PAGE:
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News | 2 min read

Hundreds seek business contacts at annual ProcureCon

September 9, 2013

Eileen Park wants to build sales of her Korean-American “fusion” food sauces and dressings.

“I started making it in my kitchen,” said Park, a Charlottesville resident of Korean descent who sells her sweet, spicy and tangy bottled sauces under the Palcha brand name.

“I started with two dressings and took it to farmers markets and then to local specialty foods stores.”

She now sells six types of dressings, marinades and sauces at Whole Foods stores in Virginia and is looking to expand sales.

On Friday, Park put out samples of Palcha at the Virginia Asian Chamber of Commerce’s ninth annual procurement conference, or ProcureCon, held at the DoubleTree by Hilton hotel on Koger Center Boulevard in Chesterfield County.

About 300 people, many of them small-business owners, attended the conference to promote their goods or services and to make contacts with larger companies in Virginia looking to do business with small firms and minority- and women-owned vendors.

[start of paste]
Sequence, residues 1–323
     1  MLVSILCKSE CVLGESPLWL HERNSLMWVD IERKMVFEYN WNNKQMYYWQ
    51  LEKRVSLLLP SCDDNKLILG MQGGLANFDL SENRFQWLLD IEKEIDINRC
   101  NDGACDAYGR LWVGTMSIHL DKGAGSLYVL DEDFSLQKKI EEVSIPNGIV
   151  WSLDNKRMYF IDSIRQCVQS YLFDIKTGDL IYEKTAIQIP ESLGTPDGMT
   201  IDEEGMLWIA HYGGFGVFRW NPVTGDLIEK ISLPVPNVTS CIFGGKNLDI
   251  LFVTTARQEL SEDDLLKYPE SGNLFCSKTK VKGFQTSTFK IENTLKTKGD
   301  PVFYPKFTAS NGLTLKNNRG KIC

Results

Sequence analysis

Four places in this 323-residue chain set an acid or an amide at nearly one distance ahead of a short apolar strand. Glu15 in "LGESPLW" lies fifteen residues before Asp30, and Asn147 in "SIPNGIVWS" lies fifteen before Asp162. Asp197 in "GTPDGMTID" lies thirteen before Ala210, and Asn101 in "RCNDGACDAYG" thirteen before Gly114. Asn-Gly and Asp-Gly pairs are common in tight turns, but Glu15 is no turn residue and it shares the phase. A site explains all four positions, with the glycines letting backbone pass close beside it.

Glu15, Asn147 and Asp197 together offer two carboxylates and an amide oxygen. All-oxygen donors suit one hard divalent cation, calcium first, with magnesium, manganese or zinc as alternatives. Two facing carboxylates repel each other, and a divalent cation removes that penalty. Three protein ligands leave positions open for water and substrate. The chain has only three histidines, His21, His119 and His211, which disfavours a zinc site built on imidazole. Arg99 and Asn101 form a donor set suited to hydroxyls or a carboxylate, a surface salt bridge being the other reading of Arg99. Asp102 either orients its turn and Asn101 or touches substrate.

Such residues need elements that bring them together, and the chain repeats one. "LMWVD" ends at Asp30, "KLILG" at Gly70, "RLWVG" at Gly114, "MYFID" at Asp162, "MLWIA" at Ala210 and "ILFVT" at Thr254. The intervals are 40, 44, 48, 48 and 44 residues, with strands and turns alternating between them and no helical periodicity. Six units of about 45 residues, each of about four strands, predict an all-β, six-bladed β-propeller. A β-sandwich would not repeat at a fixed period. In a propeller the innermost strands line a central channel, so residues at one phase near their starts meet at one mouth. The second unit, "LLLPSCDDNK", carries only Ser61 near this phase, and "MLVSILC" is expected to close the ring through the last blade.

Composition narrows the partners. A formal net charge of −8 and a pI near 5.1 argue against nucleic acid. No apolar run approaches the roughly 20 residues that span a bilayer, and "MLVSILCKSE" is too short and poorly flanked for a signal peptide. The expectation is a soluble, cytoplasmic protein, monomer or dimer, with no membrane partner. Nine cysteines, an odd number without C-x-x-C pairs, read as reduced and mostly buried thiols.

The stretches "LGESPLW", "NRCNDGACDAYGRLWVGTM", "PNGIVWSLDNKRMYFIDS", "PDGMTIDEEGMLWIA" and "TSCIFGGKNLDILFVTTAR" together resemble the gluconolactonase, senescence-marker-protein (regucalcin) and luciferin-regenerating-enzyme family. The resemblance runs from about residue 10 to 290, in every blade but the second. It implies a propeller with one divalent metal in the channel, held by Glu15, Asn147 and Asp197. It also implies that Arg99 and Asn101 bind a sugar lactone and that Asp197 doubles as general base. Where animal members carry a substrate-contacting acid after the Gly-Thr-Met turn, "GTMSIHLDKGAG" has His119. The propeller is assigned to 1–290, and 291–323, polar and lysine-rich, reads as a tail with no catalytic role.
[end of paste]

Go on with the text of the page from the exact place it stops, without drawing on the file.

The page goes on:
“It is really about networking and getting people to know about my product,” Park said of the event. “I have a small business, and so it is hard to get the brand name out there.”

ProcureCon included a “matchmaking” session in which vendors and suppliers could be matched with companies. Large companies in the Richmond region with representatives at the conference included Altria Group Inc., MeadWestvaco Corp. and Capital One Financial Corp.

Several large Virginia construction and general contracting firms also attended the conference, which included a workshop on how architectural and engineering firms owned by people of Asian background can develop their business in Virginia.

The Asian Chamber of Commerce has created a special council aimed at helping architectural and engineering firms market their services. In construction, diversity supplier efforts have tended to focus more on the construction end of projects rather than the design end, said Neil Bhatt, president of NBJ Architecture in Henrico County.

With the new council, “the Asian Chamber of Commerce is bringing the focus back to early on, when you are conceiving a project,” he said.

Copyright Richmond Times-Dispatch. Used by permission.